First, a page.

Nottingham City Council (NCC) apologises to Ms Bindel for instigating ‘unlawful procedure’
Elizabeth McGlone, Partner at didlaw acted for the well-known journalist and feminist Ms Bindel in her legal action against Nottingham City Council. Ms Bindel was due to speak at a women’s only event about feminism and violence against women at Apsley Library on 25 June 2022. Whilst already in transit to Nottingham, Ms Bindel was notified that the talk had been cancelled and would not take place. The talk had been organised by Nottingham Women for Change (NWC) and was cancelled at the last minute as a result of Ms Bindel’s ‘views on transgender rights.’ This is despite the fact that Ms Bindel was not scheduled to address the issue of transgender rights and had no intention of bringing this into her talk. NCC stated that Ms Bindel’s views on transgender rights ‘were at odds with its equality, diversity and inclusion (EDI) strategy’ despite never having actually asked Ms Bindel for her views or discussing the issue with her. The talk was cancelled without notice and had to be held in the carpark with the aid of a PA system.
Ms Bindel was not prepared to allow NCC to ‘de-platform’ her and instructed didlaw (alongside pre-eminent barristers Karon Monaghan KC, Akua Reindorf and Beth Grossman) to engage with NCC on a pre-action basis to highlight their unlawful conduct in cancelling the event based on Ms Bindel’s views. NCC was notified that Ms Bindel had potential claims under both the Equality Act 2010 (in respect of her protected beliefs), the European Convention on Human Rights (pertaining to freedom of thought, expression and peaceful assembly) and grounds for a judicial review in respect of NCC’s unlawful decision.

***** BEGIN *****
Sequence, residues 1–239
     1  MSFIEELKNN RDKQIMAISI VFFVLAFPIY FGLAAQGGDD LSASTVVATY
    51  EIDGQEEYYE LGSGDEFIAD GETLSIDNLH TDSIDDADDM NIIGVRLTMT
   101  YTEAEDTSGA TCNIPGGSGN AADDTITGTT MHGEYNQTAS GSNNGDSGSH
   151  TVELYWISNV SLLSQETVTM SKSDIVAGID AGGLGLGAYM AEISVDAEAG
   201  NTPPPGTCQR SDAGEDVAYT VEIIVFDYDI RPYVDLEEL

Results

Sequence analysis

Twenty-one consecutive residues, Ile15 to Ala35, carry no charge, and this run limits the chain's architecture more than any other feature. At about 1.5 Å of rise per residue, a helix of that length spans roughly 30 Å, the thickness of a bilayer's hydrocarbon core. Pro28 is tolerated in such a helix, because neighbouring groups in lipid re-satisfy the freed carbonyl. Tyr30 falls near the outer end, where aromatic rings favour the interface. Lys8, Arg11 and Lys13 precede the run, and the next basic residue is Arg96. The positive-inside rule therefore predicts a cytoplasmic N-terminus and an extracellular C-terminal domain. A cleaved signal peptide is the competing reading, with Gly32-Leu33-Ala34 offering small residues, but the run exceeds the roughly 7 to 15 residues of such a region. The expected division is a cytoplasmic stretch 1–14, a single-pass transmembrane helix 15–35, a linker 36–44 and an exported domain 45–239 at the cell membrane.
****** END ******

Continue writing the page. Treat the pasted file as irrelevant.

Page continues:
After three months of pre-action correspondence the parties reached agreement on mutually acceptable terms which included a statement made by NCC giving an apology to both Ms Bindel and to NWC for the upset caused and a recognition that its decision was procedurally unlawful. The apology and recognition was of the utmost importance to Ms Bindel given the way in which her legally held views had been vilified. she had been unfairly and unlawfully ‘de-platformed’ in a publicly hostile manner which was damaging and humiliating. NCC has agreed to retain the statement on its Twitter page for 12 months and, amongst other things, has also committed to undertake a review of its EDI strategy.
Didlaw was delighted to support Ms Bindel to achieve a just and deserved outcome in a situation where freedom of speech, freedom of assembly and legally held views were being deliberately suppressed and ignored. The Equality Act 2010 protects all protected characteristics equally and it is this balancing of rights that can cause problems when one group of people considers itself more worthy of protection than another. These protections are essential in a democratic society. This is something that didlaw is passionate about and committed to and is one of the reasons why it is recognised as a leading discrimination practice.